Agartala case’s initiation led to a dire situation in East Pakistan with strikes and civil disobedience. Faced with a mass opposition movement, the Pakistan government was ultimately compelled to withdraw the Agartala Conspiracy Case on 22 February 1969. Mujib and his other co-accused conspirators were released. Following these events, the Central Students Action Council of the Awami League arranged a reception on 23 February 1969 at a racecourse in Dhaka, where over one million loyal attendees flocked and conferred Mujib with the epic title of ‘Bangabandhu’— friend of Bengal.
Since Ayub’s regime failed to quell the uprisings and create stability in the nation, on 26 March 1969, the commander-in-chief of the Pakistani armed forces, General Yahya Khan, put martial law into effect, bestowing upon himself the title of chief martial law administrator. Four days after putting martial law into effect, General Yahya Khan revoked the Constitution of 1962 and declared himself the new (third) president of Pakistan.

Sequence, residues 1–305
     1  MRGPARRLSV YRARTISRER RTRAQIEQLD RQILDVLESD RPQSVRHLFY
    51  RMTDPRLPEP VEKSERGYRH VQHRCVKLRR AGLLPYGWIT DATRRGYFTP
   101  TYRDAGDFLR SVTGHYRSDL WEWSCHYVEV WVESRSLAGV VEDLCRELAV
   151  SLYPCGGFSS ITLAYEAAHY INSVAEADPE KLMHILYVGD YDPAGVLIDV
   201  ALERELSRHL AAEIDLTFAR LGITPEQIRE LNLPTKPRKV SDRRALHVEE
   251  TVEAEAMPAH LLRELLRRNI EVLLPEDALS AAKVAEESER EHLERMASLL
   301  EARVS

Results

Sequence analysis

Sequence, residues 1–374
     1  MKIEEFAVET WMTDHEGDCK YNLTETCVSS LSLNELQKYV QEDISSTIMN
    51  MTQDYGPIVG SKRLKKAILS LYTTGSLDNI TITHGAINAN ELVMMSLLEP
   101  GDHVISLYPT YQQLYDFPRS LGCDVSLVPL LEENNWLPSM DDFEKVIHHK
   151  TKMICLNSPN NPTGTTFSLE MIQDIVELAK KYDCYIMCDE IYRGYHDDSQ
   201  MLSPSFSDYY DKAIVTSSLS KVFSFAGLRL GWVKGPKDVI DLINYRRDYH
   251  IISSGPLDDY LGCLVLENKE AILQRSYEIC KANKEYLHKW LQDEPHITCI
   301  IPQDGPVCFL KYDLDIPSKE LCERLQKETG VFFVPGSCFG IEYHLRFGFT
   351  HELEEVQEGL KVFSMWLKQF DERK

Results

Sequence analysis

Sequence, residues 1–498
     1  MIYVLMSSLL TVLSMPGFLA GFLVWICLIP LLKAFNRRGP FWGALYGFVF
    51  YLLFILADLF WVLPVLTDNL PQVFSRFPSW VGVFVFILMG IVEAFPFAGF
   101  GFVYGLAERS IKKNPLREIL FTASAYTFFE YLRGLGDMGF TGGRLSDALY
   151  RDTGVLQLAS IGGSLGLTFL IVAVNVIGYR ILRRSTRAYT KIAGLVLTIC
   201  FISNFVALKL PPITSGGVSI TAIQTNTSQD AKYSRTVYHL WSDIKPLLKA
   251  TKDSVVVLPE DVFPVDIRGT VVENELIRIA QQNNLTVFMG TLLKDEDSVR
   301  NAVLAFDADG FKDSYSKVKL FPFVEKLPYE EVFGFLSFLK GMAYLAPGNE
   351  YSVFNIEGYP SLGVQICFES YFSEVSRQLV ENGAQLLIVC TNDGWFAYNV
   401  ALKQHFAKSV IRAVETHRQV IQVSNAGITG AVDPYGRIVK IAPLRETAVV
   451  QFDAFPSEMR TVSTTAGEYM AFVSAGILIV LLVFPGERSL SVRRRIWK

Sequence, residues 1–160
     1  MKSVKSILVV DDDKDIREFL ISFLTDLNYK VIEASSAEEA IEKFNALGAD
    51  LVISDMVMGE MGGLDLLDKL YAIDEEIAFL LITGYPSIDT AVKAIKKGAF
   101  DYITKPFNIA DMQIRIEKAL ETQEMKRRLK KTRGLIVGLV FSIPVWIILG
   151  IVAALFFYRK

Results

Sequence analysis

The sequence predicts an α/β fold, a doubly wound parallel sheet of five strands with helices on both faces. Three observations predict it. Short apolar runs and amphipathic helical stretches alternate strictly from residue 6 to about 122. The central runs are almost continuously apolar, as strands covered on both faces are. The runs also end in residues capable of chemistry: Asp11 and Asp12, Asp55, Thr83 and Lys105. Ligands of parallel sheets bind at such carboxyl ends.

On 30 March 1970, President Yahya promulgated a Legal Framework Order (LFO), which constituted of breaking up the One-Unit of West Pakistan and reconstituting the original four provinces, i.e., Punjab, Balochistan, Sindh and NWFP. A national assembly was to be constituted that would be divided between East Pakistan and the four western provinces, the former receiving a larger proportion of seats because of its greater population.
LFO articulated five principles as the basis of the upcoming elections in Pakistan: